City of London Police – Why won’t you name the sites you claim to have closed down? – I believe I know the answer and its because they are not closed at all and just some word play by people who either don’t understand the concepts they are talking about or are intentionally looking to mislead.  – Is there any other reason? Are my opinions incorrect? Please by all means give your reasons.

So how to fix things?

Since the majority of the article has been based on actions of others, here’s what I think needs to be done.  Firstly copyright law needs reform.  It’s not fit for purpose.   The majority of it was written when we lived in a very different world to the one today.  The numerous facets of copyright law and the changes needed would take an article of their own and if anyone from the organizations I’ve mentioned ever engages in conversation, I’d be happy to elaborate.

Secondly there needs to be a decision made as to if copyright infringement is criminal or civil.  If its civil, then law enforcement should distance themselves completely from it and if its criminal then private organizations should stay away and let the Police deal with it.  You cannot have a mix of the two, I put it to you that its a conflict of interest.

There is a line where law enforcement agencies and private business should be separated.  This lines seem to be greying as of late and when you have a situation where law enforcement and industry are in bed together (figuratively) then its a worrying game to play.  There are so many questions that the tax-payer needs to ask of this relationship, but as I’ve found you don’t tend to get a straight answer (as I highlighted in a previous article).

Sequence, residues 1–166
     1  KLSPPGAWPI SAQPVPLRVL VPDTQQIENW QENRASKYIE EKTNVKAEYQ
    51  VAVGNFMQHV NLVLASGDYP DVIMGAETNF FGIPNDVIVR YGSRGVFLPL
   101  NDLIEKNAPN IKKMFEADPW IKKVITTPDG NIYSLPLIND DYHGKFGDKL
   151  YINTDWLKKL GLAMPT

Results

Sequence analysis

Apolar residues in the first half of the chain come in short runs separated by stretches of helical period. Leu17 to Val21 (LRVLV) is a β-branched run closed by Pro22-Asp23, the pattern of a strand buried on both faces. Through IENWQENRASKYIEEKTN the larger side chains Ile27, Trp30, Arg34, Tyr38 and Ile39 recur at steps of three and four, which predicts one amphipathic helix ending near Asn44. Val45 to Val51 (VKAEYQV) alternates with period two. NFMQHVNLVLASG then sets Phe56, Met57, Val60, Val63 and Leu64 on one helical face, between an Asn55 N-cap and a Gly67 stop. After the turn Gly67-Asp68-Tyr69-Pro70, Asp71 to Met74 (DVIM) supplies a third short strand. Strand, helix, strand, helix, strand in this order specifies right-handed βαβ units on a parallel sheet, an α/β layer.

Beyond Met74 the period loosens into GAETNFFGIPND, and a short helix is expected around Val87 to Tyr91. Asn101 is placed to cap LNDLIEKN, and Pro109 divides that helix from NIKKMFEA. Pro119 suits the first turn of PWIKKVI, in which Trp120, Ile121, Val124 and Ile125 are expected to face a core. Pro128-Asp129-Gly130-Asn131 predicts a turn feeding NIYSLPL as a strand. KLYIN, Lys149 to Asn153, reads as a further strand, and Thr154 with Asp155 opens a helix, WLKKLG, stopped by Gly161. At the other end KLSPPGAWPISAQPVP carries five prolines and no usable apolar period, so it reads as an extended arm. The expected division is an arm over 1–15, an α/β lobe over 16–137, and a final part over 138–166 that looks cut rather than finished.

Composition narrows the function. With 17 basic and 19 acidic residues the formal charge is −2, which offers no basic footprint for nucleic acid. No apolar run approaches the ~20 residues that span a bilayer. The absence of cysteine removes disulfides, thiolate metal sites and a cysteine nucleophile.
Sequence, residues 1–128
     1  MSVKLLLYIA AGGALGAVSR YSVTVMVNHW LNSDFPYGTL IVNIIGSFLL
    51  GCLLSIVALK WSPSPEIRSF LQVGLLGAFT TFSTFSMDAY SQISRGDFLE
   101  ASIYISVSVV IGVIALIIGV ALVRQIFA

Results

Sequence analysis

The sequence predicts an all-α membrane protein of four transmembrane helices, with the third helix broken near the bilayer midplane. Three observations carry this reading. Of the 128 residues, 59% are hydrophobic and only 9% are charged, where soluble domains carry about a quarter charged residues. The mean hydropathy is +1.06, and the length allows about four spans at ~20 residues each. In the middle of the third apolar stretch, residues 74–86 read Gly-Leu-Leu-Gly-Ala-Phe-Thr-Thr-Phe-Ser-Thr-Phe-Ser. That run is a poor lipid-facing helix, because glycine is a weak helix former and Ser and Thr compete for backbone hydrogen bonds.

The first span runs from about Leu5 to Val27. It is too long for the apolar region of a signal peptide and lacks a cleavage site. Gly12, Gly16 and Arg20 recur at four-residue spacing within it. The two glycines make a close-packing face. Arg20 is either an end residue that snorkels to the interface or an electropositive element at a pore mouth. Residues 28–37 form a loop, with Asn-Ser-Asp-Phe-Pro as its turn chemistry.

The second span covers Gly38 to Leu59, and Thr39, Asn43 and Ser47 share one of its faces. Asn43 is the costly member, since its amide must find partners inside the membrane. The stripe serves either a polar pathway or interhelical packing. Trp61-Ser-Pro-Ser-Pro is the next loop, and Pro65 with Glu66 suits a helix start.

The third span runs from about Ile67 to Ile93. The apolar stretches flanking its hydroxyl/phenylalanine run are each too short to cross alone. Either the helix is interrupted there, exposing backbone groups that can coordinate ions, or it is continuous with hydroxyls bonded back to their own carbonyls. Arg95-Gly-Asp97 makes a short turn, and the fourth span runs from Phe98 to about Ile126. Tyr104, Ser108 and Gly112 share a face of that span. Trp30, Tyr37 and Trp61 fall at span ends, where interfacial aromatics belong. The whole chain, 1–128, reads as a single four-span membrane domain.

The men and women of our front line public services (in particular the police force) do a very good job in my view.  When outfits like City of London IP Unit start getting involved with private industry (and an industry which has alot of money to throw about) it makes a mockery of those front-line staff who work very hard dealing with issues I suggest are far more in the public interest.  If industry want to tackle piracy, fine, let them tackle it, lets not have some cosy relationship between the two.

And my question to the City of London would be this.  If piracy is theft and piracy is a crime, why are they not arresting every single UK citizen in a BT Swarm?  The jobs made easy for them too since the IP’s will more than likely be their own.  Why, if piracy is so important to this unit of the City of London, is the average user not being prosecuted for this? Why are we not seeing hundreds of such prosecutions? I’ve had many different answers given for this.  I’d love to hear theirs.

Lets confirm here – If Paul our 18 year old imaginary pirate is sat in his bedroom downloading Harry Potter in BT Swarm, is he committing a CRIMINAL offence?, YES or NO.  – If yes, then please answer my other question above.

Somehow, like the other 170 or so followers on their Twitter account, I’ll only see them post when they want to make another “success” claim, with, in my opinion, dubious wording.